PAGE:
How To Solve Supply Chain Related Issues
Businesses whose operations rely on supply chains have to manage inventories of a large variety of assorted items.
Traditional systems of inventory management lead to many inefficiencies. Adapting newer technology can largely eliminate these. To this end, many companies are exploring silent commerce or exploiting the benefits of radio frequency identification (RFID) tags combined with wireless communication and sensors.
Advantages of Using RFID Tags
RFID is a technology that uses radio waves to automatically identify people or objects. An RFID tag or transponder is a microchip attached to an antenna. It stores a serial number that identifies a person or object. The RFID is the size of a grain of sand and sends out an electronic signal when it is near a sensor. Production costs have been significantly lowered and RFID tags are now finding a host of applications in industry. Their use in lowering costs in the supply chain is of particular significance. Typical applications include the following.
Items with RFID tags reaching a warehouse will not have to be registered manually. The information lodged on the tag is read automatically and entered into the inventory database.
Physical counting and sorting is eliminated. Damaged items or those nearing expiration will be automatically identified.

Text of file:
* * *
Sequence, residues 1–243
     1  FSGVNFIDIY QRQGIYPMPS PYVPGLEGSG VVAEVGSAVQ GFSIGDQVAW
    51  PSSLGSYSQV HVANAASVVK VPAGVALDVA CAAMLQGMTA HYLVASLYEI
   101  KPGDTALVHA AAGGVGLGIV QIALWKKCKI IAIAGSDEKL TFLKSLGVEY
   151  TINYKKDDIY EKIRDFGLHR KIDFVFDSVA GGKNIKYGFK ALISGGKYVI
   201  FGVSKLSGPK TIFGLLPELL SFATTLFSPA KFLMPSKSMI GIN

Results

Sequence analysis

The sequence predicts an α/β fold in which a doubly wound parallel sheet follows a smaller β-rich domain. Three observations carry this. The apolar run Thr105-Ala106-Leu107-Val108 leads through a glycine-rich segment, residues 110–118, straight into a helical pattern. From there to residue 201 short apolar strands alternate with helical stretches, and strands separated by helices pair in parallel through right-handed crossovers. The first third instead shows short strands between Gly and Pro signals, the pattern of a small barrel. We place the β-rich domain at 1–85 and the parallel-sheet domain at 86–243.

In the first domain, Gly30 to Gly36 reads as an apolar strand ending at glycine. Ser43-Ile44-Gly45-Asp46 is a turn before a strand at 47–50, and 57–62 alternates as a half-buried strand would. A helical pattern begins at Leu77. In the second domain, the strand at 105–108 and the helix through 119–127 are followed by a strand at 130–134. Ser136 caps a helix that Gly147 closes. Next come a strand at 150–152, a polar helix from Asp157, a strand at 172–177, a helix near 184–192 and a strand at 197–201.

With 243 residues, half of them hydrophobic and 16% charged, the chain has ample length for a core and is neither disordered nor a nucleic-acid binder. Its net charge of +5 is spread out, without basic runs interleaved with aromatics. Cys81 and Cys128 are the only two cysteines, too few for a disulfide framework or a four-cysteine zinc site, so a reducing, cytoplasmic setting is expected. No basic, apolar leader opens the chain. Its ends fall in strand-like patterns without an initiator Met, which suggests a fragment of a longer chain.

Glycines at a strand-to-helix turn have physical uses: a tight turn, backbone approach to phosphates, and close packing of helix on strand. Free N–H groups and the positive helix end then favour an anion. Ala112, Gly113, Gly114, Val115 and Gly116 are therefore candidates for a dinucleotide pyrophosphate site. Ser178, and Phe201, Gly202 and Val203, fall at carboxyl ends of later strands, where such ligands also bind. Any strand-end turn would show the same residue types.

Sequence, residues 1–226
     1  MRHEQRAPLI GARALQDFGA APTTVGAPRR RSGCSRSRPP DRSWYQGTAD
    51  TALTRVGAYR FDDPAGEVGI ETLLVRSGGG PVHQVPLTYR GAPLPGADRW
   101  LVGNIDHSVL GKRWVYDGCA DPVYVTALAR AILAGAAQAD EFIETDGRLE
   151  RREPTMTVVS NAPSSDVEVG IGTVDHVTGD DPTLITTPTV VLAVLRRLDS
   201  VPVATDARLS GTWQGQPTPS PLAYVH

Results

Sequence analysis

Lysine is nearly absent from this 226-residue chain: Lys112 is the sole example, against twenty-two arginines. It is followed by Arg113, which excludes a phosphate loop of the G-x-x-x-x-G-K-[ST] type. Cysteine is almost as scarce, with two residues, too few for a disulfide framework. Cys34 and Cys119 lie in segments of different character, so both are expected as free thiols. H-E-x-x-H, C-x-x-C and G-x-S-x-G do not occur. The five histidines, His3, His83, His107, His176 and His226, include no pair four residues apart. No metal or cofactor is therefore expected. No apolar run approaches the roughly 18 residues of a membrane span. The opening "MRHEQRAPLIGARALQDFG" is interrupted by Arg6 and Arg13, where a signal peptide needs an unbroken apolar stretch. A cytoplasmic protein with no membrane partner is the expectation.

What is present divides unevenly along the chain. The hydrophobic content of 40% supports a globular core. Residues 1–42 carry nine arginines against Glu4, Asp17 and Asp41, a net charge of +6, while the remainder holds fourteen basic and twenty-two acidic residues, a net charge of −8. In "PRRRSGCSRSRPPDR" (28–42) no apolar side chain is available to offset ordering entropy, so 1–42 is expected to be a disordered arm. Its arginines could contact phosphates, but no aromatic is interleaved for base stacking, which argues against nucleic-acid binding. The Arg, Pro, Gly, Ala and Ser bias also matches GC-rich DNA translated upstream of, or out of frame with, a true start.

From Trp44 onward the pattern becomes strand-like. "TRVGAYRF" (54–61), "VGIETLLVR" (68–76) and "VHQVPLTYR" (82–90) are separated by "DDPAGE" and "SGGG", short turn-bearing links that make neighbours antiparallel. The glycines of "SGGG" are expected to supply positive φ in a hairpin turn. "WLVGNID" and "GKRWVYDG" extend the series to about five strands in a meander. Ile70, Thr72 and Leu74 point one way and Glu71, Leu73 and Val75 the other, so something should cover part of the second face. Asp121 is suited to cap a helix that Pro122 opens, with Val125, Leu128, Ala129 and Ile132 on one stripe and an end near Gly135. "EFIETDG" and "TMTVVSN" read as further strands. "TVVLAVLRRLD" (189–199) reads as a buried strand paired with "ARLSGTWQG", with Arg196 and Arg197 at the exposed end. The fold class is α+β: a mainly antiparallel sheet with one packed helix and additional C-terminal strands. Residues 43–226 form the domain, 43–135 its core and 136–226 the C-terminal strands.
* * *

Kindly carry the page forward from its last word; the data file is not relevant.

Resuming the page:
Packing instructions will be displayed automatically on a reader for the warehouse staff to act upon.
Costs can be cut down substantially as many clerical functions and labor intensive processes are eliminated.
Greater warehouse efficiencies are possible due to greater accuracy in order fill rates, faster inventory turnover, and increased customer satisfaction.
It is easy to track lost or misplaced products, thus enhancing security.
Availability of reliable data makes it possible to do demand forecasting and replenishment applications with greater accuracy.
Data Management Issues
Implementation of silent commerce and associated analytic capabilities raises data management issues that companies must address. Below is a list of the issues:
Standards: The Auto-ID Center, an organization comprising more than 90 manufacturers and companies is doing work on Electronic Product Identification Codes (EPC) that will replace the existing Universal Product Code (UPC). This will enable companies to track products on a real-time basis along the entire supply chain globally.
Data Sharing: Organizations are presently in the initial stage of using RFID tags in their supply chain systems. Most implementations exist in closed system environments. As the systems proliferate and companies realize the advantages of cost saving even in closed systems, they will increasingly be convinced about sharing data with trading partners.
Privacy: Having a chip in various products creates unforeseen privacy issues that have to be addressed. Theoretically, anyone with a scanner will be able to locate any product. There are ways to overcome this, but it does highlight the serious nature of the problem.
Modern technology offers many ways to bring about operational efficiencies in a company’s processes and systems. Using RFID tags can bring about substantial cost savings in an enterprise’s logistics systems. Firms planning to use silent commerce can think of starting a pilot business to business project before implementing the technology on a global scale.